How Scientists Measure Stellar Distances Using Stellar Music

The Gaia mission, essential for mapping nearly two billion stars, is being further advanced by EPFL research using asteroseismology. This innovative approach compares Gaia measurements with asteroseismic data to improve the accuracy of celestial distance measurements, contributing significantly to astronomical research and future space missions. Credit: SciTechDaily.com

A team of astronomers used asteroseismology, or the study of stellar oscillations, to accurately measure the distance of stars from Earth. Their research examined thousands of stars and verified measurements made during the Gaia mission to explore the nearby universe.

To most of us, the countless bright spots in the night sky look like stars. But in fact, some of these spots are actually planets, or distant suns, or even entire galaxies billions of light years away. Exactly what you see depends on how far it is from Earth. That’s why measuring the exact distance to celestial objects is such an important goal for astronomers—and one of the biggest challenges they’re currently tackling.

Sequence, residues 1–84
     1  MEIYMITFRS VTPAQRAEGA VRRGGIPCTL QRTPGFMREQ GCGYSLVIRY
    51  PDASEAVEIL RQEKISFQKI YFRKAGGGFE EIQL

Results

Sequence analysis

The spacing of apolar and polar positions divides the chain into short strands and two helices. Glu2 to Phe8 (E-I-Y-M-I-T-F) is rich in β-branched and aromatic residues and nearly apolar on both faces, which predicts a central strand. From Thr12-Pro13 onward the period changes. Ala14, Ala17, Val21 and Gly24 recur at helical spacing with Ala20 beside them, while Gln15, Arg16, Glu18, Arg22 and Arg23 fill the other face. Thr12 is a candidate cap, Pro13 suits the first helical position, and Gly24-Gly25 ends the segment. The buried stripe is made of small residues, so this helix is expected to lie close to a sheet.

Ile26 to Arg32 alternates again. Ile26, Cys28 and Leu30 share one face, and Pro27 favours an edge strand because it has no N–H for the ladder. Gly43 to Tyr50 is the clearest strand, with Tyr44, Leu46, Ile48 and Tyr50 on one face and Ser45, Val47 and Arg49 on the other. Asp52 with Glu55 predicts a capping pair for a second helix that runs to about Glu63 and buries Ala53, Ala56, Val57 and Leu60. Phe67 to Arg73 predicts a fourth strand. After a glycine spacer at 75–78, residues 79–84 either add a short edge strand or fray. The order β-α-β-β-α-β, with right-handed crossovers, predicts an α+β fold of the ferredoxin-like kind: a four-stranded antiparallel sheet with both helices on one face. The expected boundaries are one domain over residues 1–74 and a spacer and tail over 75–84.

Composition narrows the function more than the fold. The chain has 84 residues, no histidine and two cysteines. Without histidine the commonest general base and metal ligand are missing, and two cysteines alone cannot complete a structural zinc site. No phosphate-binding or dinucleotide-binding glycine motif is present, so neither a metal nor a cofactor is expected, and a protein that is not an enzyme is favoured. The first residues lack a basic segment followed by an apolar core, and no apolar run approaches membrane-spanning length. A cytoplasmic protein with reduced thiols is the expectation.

Contribution to the Gaia mission

With this in mind, the European Space Agency (ESA) launched the Gaia mission ten years ago. Data collected by the Gaia satellite opens a window into the nearby universe, providing astronomical measurements—such as position, distance from Earth, and motion—of nearly two billion stars.

Gaia Mapping Stars Milky Way

Artist’s view of the Gaia satellite in front of the Milky Way. Credit: ESA/ATG medialab; background: ESO/S. Brunier

At EPFL, the Standard Candles and Distances research group, led by Prof. Richard Anderson, seeks to measure the ongoing expansion of the universe and sees Gaia as a valuable tool. “Gaia has increased by a factor of 10,000 the number of stars whose parallaxes are measured thanks to a huge increase in

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